Feature Article

Free eNews Subscription>>
August 25, 2015

Back to School with STOPit, the Anonymous Anti-Bully App

With the coming of September comes fall, and the universal restart date for the kids to go back to school. And with school all too often comes bullying, and STOPit looks to give kids a hand in quietly reporting—and hopefully stopping—bullying.

STOPit development was largely credited to the case of Amanda Todd, a 15-year-old girl who committed suicide after creating a YouTube video involving a series of flash cards detailing her story of online and offline bullying alike over a period of several years. With over 10 million views to its credit, the video often serves as a kind of starting point for discussions of bullying. STOPit’s creator, Todd Schobel, heard Amanda Todd's story on his car radio, and thus developed the app now found in 78 schools in 13 states, with plans to expand outward to include college campuses and workplaces as well.

Bullying has changed with the growth of the Internet, no longer lurking in back alleys or waiting for someone after school, but rather going to Facebook or anywhere else where large groups gather. That's part of what STOPit looks to address, as more schools are being held responsible for not getting involved. STOPit provides a means to not only record an incident, but also report it, establishing the needed paper trail to provide schools with the tools to intervene. This is also true even if the bullying takes place online, off school grounds and off school computers. Schools pay $2 to $5 per student per year to get in on STOPit, and students can download the app using the school’s identification code. Then screenshots can be taken of cyberbullying in progress, which are anonymously routed to officials, thus preventing issues of reprisal.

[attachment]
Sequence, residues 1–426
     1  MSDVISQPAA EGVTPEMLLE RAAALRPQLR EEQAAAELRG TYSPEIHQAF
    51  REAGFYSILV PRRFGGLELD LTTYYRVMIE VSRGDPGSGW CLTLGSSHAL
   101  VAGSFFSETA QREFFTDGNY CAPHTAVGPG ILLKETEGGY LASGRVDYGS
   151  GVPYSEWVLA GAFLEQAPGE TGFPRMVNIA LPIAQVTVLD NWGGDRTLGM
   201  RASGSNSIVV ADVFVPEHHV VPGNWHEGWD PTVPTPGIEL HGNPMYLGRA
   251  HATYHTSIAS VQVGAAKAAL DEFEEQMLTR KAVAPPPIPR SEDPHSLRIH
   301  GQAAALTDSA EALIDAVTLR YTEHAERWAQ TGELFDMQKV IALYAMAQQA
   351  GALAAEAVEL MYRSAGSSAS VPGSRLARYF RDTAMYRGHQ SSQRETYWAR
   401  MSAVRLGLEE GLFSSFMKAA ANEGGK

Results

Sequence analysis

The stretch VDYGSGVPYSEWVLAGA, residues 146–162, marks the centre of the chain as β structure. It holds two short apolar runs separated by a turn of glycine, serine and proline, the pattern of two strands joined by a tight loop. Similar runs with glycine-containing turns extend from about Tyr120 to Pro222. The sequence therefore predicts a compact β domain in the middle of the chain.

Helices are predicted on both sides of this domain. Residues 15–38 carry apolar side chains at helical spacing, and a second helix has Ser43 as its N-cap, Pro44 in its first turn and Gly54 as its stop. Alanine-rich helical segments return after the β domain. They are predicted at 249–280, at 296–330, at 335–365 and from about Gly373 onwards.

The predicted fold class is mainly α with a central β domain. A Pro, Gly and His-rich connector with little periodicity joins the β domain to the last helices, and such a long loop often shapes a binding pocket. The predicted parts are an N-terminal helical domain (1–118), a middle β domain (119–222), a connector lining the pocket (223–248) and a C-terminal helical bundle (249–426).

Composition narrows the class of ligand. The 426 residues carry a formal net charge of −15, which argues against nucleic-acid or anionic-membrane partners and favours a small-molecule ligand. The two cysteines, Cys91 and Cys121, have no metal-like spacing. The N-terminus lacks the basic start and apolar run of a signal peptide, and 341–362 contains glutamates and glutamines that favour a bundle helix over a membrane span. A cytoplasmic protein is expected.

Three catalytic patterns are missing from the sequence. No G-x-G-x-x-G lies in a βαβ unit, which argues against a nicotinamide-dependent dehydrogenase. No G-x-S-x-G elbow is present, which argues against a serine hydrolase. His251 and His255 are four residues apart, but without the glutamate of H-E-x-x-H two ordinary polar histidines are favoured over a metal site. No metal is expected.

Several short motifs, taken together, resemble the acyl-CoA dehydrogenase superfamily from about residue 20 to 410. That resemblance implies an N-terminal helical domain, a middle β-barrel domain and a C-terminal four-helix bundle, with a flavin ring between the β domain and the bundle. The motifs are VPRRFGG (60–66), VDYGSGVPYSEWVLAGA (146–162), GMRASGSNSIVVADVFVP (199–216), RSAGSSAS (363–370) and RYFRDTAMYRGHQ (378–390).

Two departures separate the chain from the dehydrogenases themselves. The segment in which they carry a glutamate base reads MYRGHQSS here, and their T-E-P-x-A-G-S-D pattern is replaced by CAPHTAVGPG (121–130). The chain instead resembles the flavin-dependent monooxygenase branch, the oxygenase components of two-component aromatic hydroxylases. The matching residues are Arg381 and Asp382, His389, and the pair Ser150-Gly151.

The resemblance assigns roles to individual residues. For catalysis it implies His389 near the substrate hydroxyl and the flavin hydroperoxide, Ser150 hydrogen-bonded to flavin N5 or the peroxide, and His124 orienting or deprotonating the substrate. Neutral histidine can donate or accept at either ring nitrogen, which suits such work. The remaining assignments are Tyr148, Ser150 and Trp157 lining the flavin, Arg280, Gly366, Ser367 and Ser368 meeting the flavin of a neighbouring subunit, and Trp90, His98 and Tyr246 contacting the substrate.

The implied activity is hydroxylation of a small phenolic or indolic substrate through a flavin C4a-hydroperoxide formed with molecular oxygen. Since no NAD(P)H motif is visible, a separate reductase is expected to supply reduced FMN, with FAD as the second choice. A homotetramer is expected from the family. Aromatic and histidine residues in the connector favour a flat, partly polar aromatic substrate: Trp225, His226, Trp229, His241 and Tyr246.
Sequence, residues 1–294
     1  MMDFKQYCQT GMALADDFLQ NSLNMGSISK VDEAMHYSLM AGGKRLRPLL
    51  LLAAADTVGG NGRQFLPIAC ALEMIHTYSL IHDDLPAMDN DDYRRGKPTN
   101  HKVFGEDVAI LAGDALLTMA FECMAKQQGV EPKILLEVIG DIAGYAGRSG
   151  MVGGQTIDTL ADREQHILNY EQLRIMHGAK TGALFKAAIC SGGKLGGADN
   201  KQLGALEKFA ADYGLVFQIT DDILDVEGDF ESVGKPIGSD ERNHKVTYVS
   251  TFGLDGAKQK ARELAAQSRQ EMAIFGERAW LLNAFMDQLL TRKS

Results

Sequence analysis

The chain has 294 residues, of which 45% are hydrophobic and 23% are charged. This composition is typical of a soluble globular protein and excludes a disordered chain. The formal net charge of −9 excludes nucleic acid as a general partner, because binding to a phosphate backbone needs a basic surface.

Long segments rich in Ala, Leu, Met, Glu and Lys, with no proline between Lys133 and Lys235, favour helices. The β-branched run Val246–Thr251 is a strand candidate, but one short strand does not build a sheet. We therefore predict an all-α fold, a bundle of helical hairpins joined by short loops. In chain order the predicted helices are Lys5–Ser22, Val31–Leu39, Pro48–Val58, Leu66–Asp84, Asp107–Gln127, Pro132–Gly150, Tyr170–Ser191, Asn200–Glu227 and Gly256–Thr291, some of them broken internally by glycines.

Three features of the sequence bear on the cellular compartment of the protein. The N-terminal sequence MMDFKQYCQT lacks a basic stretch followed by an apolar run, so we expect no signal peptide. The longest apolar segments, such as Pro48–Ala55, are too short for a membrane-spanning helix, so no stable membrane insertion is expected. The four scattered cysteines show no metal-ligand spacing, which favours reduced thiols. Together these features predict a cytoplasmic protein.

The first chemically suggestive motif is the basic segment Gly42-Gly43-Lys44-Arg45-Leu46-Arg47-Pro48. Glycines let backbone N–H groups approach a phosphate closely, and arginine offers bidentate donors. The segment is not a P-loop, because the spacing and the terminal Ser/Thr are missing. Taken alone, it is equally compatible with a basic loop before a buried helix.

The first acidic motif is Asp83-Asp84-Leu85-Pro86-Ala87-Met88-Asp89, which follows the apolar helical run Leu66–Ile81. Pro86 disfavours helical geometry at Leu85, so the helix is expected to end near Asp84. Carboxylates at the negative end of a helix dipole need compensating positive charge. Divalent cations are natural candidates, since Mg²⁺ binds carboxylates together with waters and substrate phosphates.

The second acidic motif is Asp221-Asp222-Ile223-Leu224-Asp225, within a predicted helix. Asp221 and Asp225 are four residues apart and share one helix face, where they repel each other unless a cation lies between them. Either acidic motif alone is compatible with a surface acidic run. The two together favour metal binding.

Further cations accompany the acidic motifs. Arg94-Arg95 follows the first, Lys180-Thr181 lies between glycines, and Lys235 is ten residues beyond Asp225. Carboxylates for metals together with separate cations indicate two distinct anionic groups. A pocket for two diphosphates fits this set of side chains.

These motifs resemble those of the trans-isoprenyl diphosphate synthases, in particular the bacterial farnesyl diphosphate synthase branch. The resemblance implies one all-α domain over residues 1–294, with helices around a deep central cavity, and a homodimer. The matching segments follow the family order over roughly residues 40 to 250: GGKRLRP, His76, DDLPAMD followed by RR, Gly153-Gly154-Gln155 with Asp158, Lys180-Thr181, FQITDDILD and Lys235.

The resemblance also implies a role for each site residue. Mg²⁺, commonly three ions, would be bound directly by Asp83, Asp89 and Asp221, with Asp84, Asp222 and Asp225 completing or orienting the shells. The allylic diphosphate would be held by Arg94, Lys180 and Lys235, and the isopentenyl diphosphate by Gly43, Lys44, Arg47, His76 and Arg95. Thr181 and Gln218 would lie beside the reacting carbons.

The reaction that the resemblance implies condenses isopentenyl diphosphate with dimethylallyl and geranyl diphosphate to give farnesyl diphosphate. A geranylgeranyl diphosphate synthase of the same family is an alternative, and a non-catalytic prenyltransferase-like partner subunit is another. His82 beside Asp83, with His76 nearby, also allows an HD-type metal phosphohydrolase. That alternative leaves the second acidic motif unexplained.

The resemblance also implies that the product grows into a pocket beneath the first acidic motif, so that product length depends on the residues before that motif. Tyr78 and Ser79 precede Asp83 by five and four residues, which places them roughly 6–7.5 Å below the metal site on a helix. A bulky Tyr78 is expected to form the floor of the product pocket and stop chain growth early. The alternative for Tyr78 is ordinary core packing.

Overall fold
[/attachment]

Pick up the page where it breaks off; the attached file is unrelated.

Sounds great, but it's not without some issues in its own right. For example, how many false reports will there be as a result of this? How many bullies will actually use this tool as a way to flip the blame on the victim? What kind of burden of proof is required; anyone can sign on to any platform with a little creative login naming; anyone who's read “Ender's Game” knows how Ender once convinced a system he was God.

The idea is a sound one, but the execution may not be in order. We'd all like a world without bullies, and people trying to feel better at the expense of others. But depending on the hand of an anonymous and therefore easily manipulated app like STOPit doesn't seem like the way to go about it. It might help, on some level, but in the end, it’s only a small step in a long journey. We need to instill bullies everywhere with a proper sense of right and wrong, not a sense that someone is watching.

Edited by Dominick Sorrentino

FOLLOW MobilityTechzone

Subscribe to MobilityTechzone eNews

MobilityTechzone eNews delivers the latest news impacting technology in the Wireless industry each week. Sign up to receive FREE breaking news today!
FREE eNewsletter